Contentment Is Learned


I rejoice greatly in the Lord that at last you have renewed your concern for me. Indeed, you have been concerned, but you had no opportunity to show it. I am not saying this because I am in need, for I have learned to be content whatever the circumstances. (Philippians 4:10-11)


Paul tells the Philippians that he greatly rejoices that they were able to resume their support of him.  Not so much because he needed what they provided.  He has learned to be content no matter what.  However, he is glad for how they will benefit from it.  Paul learned contentment from being thrown into hard circumstances.  He did not just conjure up a heart of contentment.  It was built into him by the suffering he experienced.  He saw such suffering as fellowship with Jesus.  By keeping his eyes on God’s call on his life, he learned that he could trust the Lord no matter what he faced.


For me, contentment will only come as I step out in obedience and respond to whatever God asks of me.  I must do that as I pursue Jesus.  In other words, my life is to stay close to Jesus and let him lead me in everything.  He will provide.  Like Peter when walking on the water, I must keep my eyes on Jesus, not the stormy waters.  Where God leads, he provides.  I will never learn contentment by being content.


Lord, I want you.  Lead me in all I do.  I know I can trust you to care for me no matter what I face, as long as I am in your will.  Help me be bold for you.

The First Step in Bible Study

G. Campbell Morgan, the great Bible teacher and preacher, was known to have read a book of the Bible over 50 times before he would begin to teach it.  The more I read the Bible the more I am convinced of the wisdom of this approach.  I am currently starting a study of Hebrews in preparation for leading a men’s study of it at the first of the year.  My first step is to read through Hebrews in one setting numerous times.  Actually, I am listening to it using as many different translations as possible.  To do this I use the YouVersion app.  It takes about 45 minutes each time through.

So far I have listened to Hebrews 3 times.  Only 47 to go!  Each time I glean a better understanding of the message of the book and I realize how limited my understanding has been of some of my favorite verses from Hebrews.  Yesterday I counted that over the years I have memorized 26 verses from Hebrews.  By getting the bigger picture of the book through reading through it in single settings, my understanding of these individual verses is becoming much more complete.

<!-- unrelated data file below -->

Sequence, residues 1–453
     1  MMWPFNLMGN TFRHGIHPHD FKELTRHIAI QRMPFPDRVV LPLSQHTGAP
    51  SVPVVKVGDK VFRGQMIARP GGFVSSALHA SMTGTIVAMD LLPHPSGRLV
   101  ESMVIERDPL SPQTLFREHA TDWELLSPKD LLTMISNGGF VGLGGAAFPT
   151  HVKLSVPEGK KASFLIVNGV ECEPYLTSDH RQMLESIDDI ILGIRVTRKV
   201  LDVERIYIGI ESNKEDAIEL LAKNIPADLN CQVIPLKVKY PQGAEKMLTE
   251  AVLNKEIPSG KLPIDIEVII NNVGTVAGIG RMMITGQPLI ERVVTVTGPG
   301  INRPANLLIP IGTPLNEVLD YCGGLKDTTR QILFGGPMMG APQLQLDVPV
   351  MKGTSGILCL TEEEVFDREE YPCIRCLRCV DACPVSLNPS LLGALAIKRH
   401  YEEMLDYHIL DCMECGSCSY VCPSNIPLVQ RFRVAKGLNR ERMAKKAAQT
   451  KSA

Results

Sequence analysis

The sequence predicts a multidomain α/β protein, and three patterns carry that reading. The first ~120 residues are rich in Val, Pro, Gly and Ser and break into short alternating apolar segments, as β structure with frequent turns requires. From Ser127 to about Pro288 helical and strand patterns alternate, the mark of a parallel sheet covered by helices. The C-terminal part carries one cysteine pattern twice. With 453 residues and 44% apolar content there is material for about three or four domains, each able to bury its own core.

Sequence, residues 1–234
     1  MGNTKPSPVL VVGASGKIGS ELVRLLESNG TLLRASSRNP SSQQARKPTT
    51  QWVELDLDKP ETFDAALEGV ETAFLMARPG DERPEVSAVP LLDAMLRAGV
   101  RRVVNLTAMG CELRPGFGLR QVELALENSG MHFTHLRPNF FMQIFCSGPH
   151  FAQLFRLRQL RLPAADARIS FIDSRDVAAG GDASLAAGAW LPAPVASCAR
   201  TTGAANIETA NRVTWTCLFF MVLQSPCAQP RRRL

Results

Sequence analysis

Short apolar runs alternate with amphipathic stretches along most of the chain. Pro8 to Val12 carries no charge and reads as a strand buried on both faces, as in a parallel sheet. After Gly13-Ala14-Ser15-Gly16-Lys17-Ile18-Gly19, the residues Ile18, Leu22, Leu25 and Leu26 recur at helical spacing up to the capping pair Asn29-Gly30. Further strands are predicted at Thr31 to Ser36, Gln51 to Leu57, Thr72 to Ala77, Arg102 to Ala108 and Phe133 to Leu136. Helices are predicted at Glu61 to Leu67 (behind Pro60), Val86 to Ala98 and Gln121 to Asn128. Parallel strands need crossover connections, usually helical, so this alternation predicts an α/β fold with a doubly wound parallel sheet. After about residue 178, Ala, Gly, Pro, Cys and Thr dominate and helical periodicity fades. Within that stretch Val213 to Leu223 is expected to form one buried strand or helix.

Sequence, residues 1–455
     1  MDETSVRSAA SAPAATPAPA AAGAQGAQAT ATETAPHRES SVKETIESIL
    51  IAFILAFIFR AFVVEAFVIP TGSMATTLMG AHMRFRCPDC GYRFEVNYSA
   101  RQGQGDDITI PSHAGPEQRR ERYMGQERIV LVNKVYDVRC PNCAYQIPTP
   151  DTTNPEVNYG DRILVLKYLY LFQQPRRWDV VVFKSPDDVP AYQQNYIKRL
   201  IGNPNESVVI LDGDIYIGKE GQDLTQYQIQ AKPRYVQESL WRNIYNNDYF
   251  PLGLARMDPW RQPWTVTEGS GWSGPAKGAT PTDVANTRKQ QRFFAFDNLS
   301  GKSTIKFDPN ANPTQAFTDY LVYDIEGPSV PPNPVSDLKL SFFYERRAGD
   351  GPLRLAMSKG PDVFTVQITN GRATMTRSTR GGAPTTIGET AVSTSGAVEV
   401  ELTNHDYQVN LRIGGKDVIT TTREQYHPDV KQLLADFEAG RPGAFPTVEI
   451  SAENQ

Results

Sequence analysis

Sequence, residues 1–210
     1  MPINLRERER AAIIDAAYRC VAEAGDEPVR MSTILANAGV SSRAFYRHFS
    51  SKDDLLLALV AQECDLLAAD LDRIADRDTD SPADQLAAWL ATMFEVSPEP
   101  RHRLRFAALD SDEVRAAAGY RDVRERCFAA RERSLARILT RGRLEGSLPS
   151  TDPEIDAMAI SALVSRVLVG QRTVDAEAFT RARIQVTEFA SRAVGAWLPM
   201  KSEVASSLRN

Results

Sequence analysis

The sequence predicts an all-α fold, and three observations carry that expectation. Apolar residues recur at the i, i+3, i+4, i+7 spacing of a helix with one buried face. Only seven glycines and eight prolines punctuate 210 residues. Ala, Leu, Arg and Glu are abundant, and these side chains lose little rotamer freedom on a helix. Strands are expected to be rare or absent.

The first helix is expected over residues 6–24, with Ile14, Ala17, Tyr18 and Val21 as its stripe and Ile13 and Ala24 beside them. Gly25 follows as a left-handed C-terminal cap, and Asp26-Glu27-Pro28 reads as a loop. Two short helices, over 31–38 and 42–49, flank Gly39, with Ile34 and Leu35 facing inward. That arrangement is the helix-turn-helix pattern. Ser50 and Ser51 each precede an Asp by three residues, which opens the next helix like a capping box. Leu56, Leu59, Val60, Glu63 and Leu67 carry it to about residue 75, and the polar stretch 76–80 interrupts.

Too often we approach Bible study by going straight to a verse, pulling it out of context, trying to figure out its meaning, and then looking for other verses that back up our conclusions.  When we do that, cross-referencing really becomes proof-texting.  The better approach to Bible study is to read the book in its entirety first, preferably numerous times.  Only after we grasp the big picture of the book are we ready to begin to dig into the specifics.

Try this approach.  Start with Philemon.  Read it 10 times.  It will take about 3 minutes each time.  See if this doesn’t transform the way you approach Bible study.

Teach Yourself

If you have ever taught something, you have discovered that the teacher usually learns more than the student.  Why? Because the teacher has to be able to communicate the subject.  In the process of communicating ideas, one quickly discovers if their comprehension of the subject is complete.  In the same way, when we write our devotional thoughts out in words, we really engage and internalize what God is revealing to us.

I believe that the greatest benefit to writing out my devotional thoughts in a SOAP journal is that everyday such journaling cause minor course corrections in the way I think, aligning my thoughts, attitudes and heart with that of the Lord.  Writing out my thoughts forces me to organize and communicate what would otherwise be floating around in my mind.

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